News from PRINCETON UNIVERSITY
For immediate release: May 24, 2002
Contact: Marilyn Marks, 609-258-3601 or email@example.com
James Baker, 61st secretary of state, donates papers to Princeton
PRINCETON, N.J. -- Former Secretary of State James A. Baker III is donating the papers of his long career in politics and public service to Princeton University, where the rich collection of material documenting the end of the Cold War and other events in his distinguished career will join one of the nation's premier public policy collections.
A ceremony to celebrate the gift will take place 4 p.m. Friday, May 31, in 50 McCosh Hall on the Princeton campus. Secretary Baker and Princeton University President Shirley M. Tilghman will make remarks.
Baker, a top-level official in the administrations of three U.S. presidents, was America's chief diplomat at the end of the Cold War and witnessed the collapse of Communism.
"It was a time of revolution, war and peace," Baker recalled. "The Berlin Wall fell, the Soviet Union dissolved, and the ideology of Communism died. In 1991, we liberated Kuwait from the Iraqi invasion, then followed with the Madrid Peace Conference -- the first time Israel and its Arab neighbors sat down together to negotiate."
Tilghman said, "These papers are an extraordinary addition to Princeton's public policy collection, and we could not be more appreciative. Cold War diplomacy is a strength and focus of our public policy collection. Secretary Baker's gift provides an essential resource for historians and scholars, broadening our understanding of this pivotal time in history."
"I selected Princeton as the home for these papers for two reasons," Baker said. "The first was out of appreciation for the University, which was not only my alma mater, but also that of both my father and my daughter. The education I received at Princeton provided a strong foundation for my life, both as a private citizen and as a public servant.
"The second reason was to take advantage of the University's well-deserved reputation for organizing, cataloguing and preserving papers related to American foreign policy," he said. "This will give scholars access to important papers that illuminate the historic transformation of the international system at the end of the Cold War."
Baker, a member of Princeton's Class of 1952 and a former member of the University's Board of Trustees, is returning to the campus this weekend to celebrate his 50th reunion. He was also chosen by the Class of 2002 to give the Class Day address, 10 a.m. Monday, June 3.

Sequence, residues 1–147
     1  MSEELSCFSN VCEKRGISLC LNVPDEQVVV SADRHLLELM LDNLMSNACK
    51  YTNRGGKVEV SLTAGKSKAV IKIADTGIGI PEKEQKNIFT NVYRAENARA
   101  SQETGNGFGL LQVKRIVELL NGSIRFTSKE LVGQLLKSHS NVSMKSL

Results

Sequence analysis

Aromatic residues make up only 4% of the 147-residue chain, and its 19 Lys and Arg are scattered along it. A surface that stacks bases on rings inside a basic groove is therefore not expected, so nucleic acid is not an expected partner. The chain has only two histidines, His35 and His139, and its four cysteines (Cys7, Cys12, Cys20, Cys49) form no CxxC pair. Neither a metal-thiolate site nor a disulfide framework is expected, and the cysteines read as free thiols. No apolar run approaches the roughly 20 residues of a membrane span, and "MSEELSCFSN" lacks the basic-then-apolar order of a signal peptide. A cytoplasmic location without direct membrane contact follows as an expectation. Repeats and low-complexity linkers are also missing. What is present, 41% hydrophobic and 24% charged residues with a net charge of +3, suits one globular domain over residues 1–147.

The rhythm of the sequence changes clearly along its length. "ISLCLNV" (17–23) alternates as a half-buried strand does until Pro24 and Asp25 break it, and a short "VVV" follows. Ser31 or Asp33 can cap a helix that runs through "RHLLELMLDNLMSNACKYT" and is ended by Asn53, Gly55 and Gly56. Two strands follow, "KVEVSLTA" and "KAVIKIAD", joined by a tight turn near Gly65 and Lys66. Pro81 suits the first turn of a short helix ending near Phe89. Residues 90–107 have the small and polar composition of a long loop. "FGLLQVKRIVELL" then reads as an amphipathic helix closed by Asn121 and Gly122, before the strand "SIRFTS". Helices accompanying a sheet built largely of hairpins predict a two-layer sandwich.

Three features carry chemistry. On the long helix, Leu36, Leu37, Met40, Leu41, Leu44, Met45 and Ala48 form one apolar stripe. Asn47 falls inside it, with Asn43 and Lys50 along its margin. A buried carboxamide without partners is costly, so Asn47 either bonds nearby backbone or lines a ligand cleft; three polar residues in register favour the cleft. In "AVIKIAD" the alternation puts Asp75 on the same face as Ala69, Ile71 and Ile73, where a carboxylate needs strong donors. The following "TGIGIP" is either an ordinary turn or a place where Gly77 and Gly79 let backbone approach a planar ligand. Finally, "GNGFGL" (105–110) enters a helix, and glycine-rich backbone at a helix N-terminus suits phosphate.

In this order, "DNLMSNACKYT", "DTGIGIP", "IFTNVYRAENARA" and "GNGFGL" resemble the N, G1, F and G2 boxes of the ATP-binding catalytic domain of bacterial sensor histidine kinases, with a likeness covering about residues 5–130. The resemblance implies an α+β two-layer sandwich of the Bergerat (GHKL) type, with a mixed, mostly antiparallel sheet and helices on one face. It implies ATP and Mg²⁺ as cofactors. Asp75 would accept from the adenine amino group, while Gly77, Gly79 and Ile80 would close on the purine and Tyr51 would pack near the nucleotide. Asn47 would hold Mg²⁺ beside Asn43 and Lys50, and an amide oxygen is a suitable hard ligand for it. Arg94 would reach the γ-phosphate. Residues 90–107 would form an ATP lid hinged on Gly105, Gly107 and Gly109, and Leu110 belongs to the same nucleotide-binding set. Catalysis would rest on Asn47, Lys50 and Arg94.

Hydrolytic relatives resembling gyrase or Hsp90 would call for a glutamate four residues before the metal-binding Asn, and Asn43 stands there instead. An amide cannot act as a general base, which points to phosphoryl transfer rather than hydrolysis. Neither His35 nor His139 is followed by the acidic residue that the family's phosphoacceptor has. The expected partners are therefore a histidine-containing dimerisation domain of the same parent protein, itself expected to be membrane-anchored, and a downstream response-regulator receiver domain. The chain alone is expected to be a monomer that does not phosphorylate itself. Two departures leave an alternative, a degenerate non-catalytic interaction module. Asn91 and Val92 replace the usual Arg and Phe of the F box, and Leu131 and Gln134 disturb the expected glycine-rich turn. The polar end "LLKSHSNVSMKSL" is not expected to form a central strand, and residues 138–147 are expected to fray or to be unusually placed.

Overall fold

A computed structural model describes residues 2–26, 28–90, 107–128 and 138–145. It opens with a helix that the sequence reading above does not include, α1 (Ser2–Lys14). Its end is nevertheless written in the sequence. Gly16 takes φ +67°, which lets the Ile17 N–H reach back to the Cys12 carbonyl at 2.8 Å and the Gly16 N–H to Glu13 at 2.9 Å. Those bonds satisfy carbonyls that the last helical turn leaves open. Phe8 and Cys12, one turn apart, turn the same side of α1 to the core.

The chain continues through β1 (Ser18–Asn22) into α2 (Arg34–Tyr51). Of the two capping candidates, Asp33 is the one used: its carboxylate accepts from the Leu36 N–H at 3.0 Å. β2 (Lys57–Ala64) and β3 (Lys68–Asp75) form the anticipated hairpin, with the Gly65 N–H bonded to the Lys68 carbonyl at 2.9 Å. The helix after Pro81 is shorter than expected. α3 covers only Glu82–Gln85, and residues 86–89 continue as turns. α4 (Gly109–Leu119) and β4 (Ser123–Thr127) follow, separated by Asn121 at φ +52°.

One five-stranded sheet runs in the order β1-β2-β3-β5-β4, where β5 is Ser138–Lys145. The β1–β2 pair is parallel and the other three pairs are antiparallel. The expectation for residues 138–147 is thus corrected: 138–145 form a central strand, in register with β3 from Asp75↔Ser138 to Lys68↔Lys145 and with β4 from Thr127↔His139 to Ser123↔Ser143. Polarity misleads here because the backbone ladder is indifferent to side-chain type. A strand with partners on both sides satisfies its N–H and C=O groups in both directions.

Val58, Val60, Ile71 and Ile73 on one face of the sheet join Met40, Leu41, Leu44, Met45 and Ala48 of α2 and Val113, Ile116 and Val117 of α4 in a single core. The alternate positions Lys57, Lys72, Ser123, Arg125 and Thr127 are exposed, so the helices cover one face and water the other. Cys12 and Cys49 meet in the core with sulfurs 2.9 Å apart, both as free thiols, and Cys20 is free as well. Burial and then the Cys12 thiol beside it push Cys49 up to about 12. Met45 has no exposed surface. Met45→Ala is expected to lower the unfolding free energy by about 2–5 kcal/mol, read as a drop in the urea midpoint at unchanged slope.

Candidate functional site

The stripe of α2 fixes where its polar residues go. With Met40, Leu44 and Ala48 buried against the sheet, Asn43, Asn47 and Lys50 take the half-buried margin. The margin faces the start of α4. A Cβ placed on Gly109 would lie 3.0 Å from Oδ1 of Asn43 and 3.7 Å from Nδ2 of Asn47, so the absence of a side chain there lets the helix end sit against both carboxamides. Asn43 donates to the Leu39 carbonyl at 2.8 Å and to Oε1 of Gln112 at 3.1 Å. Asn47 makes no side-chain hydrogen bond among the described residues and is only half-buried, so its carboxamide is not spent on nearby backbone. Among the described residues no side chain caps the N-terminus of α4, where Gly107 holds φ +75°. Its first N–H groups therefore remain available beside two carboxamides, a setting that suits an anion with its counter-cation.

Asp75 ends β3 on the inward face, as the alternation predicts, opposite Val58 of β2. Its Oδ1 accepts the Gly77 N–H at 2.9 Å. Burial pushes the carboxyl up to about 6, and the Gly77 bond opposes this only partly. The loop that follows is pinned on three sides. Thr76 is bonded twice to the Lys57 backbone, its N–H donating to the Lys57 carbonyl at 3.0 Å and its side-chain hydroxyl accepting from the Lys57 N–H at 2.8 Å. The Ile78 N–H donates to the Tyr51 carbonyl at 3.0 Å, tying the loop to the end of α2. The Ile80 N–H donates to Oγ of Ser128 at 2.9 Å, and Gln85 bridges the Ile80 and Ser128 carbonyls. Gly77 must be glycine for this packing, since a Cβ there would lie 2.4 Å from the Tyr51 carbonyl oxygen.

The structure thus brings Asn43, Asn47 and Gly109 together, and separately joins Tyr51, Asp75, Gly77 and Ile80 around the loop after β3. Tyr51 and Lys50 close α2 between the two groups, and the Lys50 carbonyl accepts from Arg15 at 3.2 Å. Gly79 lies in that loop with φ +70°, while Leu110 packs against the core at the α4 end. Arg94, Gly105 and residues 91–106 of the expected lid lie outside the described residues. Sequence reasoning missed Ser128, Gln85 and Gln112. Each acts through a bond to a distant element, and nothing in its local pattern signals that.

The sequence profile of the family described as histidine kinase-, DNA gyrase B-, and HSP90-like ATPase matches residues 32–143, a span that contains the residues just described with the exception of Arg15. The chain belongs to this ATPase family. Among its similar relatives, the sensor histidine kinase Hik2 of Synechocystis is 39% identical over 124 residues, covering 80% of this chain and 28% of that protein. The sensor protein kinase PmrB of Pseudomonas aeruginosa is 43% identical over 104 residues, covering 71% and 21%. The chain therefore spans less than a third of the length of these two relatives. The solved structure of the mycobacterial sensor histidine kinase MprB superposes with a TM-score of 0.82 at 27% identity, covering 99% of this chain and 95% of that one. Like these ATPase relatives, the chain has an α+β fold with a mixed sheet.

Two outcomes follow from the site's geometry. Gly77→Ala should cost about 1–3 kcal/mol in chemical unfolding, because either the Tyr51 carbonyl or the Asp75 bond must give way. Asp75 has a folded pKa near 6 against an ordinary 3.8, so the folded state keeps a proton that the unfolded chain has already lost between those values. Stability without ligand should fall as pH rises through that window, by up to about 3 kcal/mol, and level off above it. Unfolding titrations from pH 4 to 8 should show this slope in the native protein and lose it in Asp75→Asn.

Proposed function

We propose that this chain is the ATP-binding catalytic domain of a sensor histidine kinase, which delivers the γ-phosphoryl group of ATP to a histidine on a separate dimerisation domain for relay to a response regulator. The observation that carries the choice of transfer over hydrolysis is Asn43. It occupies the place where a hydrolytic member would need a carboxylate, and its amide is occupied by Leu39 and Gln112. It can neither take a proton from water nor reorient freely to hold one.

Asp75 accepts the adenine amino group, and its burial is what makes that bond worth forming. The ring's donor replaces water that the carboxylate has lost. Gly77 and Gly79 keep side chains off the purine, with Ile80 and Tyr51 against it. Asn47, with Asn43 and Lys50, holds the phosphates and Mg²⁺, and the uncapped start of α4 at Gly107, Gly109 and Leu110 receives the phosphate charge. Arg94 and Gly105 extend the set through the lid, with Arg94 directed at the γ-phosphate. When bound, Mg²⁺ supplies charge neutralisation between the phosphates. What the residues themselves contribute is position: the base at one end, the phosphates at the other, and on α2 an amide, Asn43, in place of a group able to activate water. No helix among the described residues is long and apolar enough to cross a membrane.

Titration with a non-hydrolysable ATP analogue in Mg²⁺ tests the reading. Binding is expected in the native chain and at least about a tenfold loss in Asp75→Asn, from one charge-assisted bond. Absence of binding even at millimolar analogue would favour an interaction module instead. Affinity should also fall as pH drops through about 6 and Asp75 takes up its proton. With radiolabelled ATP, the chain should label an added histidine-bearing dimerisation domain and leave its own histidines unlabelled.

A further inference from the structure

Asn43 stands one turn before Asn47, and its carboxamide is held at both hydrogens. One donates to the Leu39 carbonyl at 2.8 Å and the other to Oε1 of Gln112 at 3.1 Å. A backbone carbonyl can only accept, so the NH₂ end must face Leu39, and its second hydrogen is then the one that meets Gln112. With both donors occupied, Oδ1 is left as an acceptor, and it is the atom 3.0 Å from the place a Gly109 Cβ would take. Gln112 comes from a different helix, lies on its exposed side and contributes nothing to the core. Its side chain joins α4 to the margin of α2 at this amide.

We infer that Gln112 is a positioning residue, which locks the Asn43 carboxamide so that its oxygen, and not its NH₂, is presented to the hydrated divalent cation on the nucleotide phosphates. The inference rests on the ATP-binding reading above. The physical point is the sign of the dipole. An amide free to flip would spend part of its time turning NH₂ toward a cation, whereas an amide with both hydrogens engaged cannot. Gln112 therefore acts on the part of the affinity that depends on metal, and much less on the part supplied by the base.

Baker served as secretary of state under President George H. W. Bush from 1989 to 1992. He held a number of other important national positions, including secretary of the treasury under President Reagan, White House chief of staff under presidents Reagan and Bush, and undersecretary of commerce under President Ford. He also played a leading role in the election campaigns of those three presidents.
University Archivist Ben Primer said Baker's collection will be very helpful to historians as they turn their attention to the closing decades of the 20th century. "Baker stands astride two eras," Primer said. "When he joined the Reagan administration in 1981, Leonid Brezhnev ruled the Soviet Union and the world was dominated by superpower rivalries. When he left the Bush White House in 1993, the U.S.S.R. was a thing of the past and the arms race was over. We are delighted that the Baker papers are coming to Princeton."
Baker's papers will be maintained at the Seeley G. Mudd Manuscript Library, which already houses the papers of two other secretaries of state: Robert Lansing (1915-1920) and John Foster Dulles (1953-1959).
Over the next three years, archivists at the Mudd Library will organize the papers to ensure their preservation and usability. The collection will be closed to researchers during this time. Additional papers belonging to Baker, as well as records from various departments of government relating to his work, will be added to the collection as they become available.
The Mudd Library is a state-of-the-art facility that houses about 27,000 feet of archival documents and hosts about 2,000 researchers each year. Its 20th-century public policy collection has been hailed as one of the most comprehensive collections of its kind in the country and has been widely used by students of American statecraft, social and economic policy, and jurisprudence.